Police officers in the Mount Kenya region are urging the government to ban politicians in power from owning bars.

They say these politicians often collaborate to obstruct punishment against officers enforcing the law.

A senior security official in the Central region hinted to Taifa Digital that “we have over 65 politicians who own bars.”

He said these politicians are mostly in county assemblies and are influential figures responsible for licensing.

“These politicians ensure they acquire licenses for their bars, leveraging their political influence to circumvent the law and even punish officers who raid their establishments,” he said.

Murang’a has been named as one of the counties where a senior government official has 23 family members owning liquor businesses.

“All their clubs, even those near schools and with a history of selling dangerous alcohol, get licenses because of their influence,” he said.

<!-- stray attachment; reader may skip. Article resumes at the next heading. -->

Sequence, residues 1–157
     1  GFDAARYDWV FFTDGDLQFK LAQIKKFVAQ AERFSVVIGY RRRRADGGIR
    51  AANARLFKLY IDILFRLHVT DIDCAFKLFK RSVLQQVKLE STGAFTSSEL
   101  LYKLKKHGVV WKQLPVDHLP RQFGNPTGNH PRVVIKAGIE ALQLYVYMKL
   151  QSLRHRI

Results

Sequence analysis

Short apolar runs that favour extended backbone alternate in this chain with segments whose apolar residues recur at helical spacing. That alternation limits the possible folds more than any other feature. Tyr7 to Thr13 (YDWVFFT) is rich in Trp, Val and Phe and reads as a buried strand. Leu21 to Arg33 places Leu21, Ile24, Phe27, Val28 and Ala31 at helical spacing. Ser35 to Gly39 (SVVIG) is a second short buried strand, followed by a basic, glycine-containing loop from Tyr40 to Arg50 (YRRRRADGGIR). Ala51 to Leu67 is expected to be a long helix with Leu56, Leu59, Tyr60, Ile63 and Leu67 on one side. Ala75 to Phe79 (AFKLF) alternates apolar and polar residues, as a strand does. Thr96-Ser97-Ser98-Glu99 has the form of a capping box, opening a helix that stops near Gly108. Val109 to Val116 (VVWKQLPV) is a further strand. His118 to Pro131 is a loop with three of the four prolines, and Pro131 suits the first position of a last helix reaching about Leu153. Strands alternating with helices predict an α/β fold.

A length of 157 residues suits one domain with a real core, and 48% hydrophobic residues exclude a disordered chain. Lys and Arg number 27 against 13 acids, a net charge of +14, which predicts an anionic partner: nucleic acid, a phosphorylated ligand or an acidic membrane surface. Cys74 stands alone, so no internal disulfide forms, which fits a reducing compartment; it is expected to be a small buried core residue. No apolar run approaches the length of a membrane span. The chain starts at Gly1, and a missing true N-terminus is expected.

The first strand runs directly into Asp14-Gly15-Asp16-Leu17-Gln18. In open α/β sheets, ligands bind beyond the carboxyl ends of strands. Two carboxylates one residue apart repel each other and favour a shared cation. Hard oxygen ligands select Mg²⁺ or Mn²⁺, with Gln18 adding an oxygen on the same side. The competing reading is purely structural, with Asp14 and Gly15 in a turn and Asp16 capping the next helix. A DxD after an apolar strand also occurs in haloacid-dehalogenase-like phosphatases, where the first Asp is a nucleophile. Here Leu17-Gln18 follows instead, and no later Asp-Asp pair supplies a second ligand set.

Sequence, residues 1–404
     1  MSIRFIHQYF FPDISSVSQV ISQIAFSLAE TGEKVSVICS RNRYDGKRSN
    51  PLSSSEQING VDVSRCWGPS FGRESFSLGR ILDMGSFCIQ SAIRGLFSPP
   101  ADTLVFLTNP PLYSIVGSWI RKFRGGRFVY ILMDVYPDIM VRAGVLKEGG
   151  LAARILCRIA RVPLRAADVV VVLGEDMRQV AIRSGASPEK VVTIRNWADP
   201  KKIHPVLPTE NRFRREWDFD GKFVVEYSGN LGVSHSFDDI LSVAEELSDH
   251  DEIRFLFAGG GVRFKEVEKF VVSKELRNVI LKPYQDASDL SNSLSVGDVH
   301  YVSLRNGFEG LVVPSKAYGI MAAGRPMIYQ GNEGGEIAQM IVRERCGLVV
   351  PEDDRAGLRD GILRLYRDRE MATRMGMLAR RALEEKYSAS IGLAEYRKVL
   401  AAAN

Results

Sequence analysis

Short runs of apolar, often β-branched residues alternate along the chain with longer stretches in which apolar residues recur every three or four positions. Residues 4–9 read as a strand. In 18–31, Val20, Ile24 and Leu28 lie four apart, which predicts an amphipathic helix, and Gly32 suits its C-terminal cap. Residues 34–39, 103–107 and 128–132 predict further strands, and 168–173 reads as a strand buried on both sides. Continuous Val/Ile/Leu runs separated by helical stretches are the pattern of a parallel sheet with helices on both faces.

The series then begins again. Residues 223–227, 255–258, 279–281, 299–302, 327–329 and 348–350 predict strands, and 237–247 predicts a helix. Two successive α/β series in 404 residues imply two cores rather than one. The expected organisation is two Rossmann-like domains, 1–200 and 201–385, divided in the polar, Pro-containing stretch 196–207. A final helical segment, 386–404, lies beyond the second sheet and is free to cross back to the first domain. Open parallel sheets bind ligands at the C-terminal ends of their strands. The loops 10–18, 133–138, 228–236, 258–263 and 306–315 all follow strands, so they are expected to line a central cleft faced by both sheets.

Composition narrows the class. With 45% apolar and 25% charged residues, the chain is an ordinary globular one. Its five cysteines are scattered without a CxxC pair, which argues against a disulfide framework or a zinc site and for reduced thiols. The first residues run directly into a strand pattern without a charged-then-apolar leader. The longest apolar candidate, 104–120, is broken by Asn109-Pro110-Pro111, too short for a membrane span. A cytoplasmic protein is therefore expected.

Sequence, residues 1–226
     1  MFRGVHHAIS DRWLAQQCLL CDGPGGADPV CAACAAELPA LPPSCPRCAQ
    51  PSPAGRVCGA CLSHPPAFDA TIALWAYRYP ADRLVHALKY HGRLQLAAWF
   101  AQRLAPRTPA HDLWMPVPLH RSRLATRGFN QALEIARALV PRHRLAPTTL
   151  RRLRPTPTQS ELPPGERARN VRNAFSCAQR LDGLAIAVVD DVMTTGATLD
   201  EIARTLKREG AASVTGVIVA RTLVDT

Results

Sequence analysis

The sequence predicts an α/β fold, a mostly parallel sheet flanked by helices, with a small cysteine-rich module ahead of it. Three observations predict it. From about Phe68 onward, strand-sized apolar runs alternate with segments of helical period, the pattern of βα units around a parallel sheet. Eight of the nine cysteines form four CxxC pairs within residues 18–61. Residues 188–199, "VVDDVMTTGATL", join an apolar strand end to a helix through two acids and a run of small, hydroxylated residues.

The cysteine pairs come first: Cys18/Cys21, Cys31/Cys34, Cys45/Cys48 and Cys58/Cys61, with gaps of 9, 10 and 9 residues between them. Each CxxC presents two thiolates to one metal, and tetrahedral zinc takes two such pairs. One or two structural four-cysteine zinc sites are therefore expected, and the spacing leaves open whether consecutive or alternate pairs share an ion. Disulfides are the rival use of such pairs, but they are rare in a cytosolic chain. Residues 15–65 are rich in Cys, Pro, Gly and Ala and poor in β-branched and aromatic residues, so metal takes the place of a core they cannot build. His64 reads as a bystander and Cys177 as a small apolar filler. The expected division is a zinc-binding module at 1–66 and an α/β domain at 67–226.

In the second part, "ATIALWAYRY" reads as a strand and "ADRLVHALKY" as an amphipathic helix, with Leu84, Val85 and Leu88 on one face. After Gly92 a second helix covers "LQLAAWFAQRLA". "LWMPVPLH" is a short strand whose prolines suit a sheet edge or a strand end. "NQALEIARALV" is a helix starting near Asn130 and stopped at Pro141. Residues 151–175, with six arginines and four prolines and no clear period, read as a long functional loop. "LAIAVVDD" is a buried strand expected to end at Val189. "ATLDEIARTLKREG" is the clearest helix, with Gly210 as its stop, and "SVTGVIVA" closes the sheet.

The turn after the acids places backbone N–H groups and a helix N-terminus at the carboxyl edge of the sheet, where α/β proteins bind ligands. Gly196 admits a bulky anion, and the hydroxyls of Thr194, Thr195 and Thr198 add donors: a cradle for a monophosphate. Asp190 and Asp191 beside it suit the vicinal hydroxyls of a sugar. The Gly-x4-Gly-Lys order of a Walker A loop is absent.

Police officers advocating for strict adherence to the law are threatened with transfer or even dismissal.

Deputy President Rigathi Gachagua, leading the fight against illicit and harmful alcohol, is now required to ensure even politician investors in the wine business are regulated.

“Politicians are the most dangerous in the wine trade. In Murang’a town, for example, there are several politicians leading a network of selling substandard alcohol,” said a security official from East Murang’a.

He added, “You cannot challenge this political network legally because they intimidate you and organize protests.”

Bars owned by associates of these politicians often violate laws, including operating hours.

Furthermore, their establishments blare loud music late into the night.

The official said these politicians hide illegal alcohol in their homes and, with their political and security connections, act as their own government, constitution, and law.

He claimed that every officer sent on duty must first understand these political networks, with warnings issued against disrupting their business arrangements.

Several officers have reported being transferred due to the influence of politicians and their wine business associates.